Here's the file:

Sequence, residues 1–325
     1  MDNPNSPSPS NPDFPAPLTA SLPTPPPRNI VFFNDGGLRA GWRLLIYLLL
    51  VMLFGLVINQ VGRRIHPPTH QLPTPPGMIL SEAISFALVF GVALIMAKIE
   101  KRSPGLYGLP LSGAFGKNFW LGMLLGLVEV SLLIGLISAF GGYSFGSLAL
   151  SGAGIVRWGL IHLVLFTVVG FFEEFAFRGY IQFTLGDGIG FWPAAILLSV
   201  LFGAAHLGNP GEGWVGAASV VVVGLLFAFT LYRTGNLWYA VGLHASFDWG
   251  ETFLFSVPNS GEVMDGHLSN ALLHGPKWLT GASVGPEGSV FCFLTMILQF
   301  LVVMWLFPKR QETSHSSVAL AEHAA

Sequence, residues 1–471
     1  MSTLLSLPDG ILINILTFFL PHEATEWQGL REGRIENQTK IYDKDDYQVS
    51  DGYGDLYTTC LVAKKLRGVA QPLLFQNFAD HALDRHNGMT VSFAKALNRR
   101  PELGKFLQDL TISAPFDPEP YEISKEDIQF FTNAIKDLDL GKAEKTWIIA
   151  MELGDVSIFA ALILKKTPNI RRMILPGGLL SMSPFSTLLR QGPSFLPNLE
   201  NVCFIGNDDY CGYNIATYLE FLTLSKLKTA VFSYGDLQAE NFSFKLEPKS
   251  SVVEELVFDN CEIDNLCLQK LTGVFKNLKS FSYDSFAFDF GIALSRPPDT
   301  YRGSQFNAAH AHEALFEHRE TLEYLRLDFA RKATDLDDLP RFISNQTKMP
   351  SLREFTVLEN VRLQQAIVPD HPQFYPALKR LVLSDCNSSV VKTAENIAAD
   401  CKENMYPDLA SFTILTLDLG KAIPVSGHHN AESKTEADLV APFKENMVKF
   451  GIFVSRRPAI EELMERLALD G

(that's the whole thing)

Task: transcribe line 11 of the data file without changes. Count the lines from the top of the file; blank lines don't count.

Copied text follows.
    51  DGYGDLYTTC LVAKKLRGVA QPLLFQNFAD HALDRHNGMT VSFAKALNRR